Everyone counts in the census

But it’s speeding rapidly to the finish, and there’s a lot at stake

By ANNEMARIE SCHUETZ
Posted 8/12/20

MONTICELLO, NY — The census deadline is Wednesday, September 30. 

Yes, you need to respond. Yes, you have to do your duty. Yes, it’s required by law. 

No, you will not be …

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Everyone counts in the census

But it’s speeding rapidly to the finish, and there’s a lot at stake

Posted

MONTICELLO, NY — The census deadline is Wednesday, September 30. 

Yes, you need to respond. Yes, you have to do your duty. Yes, it’s required by law. 

No, you will not be asked if you’re a citizen. 

Yes, you can learn what happens to your data, just visit www.2020census.gov. 

Why does it matter? “The national headcount determines representation,” said Saraid Gonzalez, census coordinator for the Sullivan County Complete Count Committee. The more people in a state, the more representatives it has in Congress.

And there are federal dollars at stake. “We will lose $1,400 to $1,800 per (uncounted) person every year for 10 years,” Gonzalez said. Your census reply helps pay for public services. 

The office is scheduled to complete its work on September 30. “We’re gearing up for a two-month push,” Freda Eisenberg, chair of the county’s Complete Count Committee, told legislators on August 6.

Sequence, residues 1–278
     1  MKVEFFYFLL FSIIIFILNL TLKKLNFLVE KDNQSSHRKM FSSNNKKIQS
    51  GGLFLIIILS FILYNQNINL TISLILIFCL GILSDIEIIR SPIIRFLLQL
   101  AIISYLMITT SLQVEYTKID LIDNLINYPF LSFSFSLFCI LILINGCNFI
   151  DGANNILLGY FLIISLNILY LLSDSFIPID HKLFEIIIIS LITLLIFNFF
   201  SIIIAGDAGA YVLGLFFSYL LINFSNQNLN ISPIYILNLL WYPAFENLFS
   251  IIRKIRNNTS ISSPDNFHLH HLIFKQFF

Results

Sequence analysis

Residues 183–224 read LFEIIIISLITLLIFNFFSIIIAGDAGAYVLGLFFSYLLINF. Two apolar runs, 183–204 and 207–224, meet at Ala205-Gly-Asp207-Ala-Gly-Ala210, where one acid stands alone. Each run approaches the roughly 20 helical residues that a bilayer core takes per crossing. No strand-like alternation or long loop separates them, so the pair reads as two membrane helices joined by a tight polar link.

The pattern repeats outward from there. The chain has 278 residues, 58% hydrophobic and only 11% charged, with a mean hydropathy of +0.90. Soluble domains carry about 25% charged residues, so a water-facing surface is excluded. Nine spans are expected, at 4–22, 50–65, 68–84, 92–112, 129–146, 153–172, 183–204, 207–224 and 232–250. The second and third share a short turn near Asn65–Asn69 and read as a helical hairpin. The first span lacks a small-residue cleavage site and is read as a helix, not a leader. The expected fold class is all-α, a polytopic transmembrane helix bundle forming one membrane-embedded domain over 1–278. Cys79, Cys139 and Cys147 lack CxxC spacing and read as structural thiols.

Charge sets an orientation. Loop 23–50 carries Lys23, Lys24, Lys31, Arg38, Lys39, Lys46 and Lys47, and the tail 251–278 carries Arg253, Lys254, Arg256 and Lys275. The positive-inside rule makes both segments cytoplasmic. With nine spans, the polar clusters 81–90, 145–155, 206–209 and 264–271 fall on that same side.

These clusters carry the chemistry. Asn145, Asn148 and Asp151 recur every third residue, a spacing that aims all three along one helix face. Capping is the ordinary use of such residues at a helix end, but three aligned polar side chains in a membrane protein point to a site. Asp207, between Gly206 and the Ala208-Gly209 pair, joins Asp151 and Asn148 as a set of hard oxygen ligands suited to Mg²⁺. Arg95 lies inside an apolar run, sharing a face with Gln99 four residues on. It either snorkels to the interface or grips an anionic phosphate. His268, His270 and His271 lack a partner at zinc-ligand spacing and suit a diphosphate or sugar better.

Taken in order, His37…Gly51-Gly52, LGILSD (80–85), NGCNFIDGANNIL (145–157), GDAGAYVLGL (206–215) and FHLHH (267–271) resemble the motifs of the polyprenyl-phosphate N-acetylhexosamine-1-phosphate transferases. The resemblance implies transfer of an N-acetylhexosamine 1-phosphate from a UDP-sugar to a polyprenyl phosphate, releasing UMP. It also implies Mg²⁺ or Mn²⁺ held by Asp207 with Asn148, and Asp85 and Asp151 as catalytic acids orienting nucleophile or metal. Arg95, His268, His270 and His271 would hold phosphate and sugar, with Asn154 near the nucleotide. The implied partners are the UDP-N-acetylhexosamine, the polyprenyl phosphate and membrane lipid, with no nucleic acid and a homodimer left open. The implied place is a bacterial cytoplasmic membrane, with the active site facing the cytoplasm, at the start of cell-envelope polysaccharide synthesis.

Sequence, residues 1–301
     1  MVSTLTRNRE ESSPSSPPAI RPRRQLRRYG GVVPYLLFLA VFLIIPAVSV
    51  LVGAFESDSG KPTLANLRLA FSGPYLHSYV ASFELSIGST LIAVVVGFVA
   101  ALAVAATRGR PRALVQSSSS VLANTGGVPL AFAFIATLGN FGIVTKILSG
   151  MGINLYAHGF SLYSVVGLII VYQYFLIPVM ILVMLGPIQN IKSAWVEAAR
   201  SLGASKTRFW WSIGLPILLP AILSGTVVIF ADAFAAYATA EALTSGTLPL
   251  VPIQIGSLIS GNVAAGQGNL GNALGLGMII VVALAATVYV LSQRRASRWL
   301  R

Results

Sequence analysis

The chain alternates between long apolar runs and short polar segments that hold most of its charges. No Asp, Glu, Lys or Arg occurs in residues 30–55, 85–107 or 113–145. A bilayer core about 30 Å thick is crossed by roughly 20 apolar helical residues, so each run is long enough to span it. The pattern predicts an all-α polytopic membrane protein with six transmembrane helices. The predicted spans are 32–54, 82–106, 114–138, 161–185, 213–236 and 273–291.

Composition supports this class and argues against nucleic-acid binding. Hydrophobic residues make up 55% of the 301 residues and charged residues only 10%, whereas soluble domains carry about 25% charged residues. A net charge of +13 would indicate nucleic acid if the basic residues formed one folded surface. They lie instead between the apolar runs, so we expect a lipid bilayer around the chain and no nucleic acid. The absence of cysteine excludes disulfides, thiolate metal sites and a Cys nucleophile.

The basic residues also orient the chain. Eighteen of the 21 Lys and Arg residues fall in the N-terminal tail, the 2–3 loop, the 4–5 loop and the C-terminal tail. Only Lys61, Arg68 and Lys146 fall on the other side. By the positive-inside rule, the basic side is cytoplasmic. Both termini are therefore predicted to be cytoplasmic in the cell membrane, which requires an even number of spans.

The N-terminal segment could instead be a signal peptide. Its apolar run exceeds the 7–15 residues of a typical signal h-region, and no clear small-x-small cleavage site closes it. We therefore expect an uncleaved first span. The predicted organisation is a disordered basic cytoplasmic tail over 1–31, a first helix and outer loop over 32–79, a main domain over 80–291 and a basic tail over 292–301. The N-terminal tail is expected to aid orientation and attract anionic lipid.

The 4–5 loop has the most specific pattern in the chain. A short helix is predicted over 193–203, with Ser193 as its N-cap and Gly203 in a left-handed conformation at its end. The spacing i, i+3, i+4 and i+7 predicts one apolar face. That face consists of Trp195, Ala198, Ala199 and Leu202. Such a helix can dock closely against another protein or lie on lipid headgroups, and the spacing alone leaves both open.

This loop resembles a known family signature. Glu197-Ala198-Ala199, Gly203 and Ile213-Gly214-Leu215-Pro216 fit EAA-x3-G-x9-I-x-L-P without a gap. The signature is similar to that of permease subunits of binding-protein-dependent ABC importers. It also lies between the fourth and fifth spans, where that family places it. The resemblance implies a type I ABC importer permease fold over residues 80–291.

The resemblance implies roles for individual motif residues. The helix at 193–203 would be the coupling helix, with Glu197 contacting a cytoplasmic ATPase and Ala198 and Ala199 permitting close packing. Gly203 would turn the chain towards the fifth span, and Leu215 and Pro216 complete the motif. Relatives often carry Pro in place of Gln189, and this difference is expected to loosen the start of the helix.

Sullivan County is ranked 61 out of 62 in the state for its low response rate. “Number 60 is five points ahead of us,” Eisenberg said. 

But getting hesitant people to answer is a challenge, hence the arrival of the census takers who will be personally visiting the uncounted starting August 11. 

Answering census questions seems easy, but the reasons why people don’t can be profound and hard to overcome. “We are in a time when there is great distrust in the government and great concern over who we should give our data to and what they will do with it when they have it,” said Gonzalez. “These concerns are not new, but they feel heightened these days.”

Undocumented and immigrant workers are understandably worried. “Although the Trump administration was not successful in its effort to include a question about citizenship, the media coverage about the extended battle to include the question has planted seeds of doubt among immigrant populations and others,” Gonzalez said. “Undoing that damage will be difficult.”

But they have a plan. Gonzalez and Eisenberg are reaching out to undocumented workers. This includes “educating immigrants about how census data are used, in their native languages, and sharing information through trusted community members, organizations and churches serving undocumented immigrants,” Gonzalez said. 

Sending flyers, emails or texts by trusted people and organizations is invaluable, Gonzales said. It ensures that accurate information gets out. They’re also identifying “community leaders who speak other languages, who can assist with outreach to the Muslim, Indian, Korean and Russian communities,” she added.

Answering the census questions matters. Plus, says Gonzalez, “It’s our civic duty.”

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